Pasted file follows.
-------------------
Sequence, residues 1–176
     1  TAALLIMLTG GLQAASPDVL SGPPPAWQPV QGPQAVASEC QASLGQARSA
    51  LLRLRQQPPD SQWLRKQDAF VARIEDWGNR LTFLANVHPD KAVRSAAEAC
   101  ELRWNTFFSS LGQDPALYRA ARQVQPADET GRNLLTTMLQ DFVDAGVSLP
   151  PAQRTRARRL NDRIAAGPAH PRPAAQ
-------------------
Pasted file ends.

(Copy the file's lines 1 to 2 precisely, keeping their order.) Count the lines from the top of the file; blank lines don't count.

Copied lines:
Sequence, residues 1–176
     1  TAALLIMLTG GLQAASPDVL SGPPPAWQPV QGPQAVASEC QASLGQARSA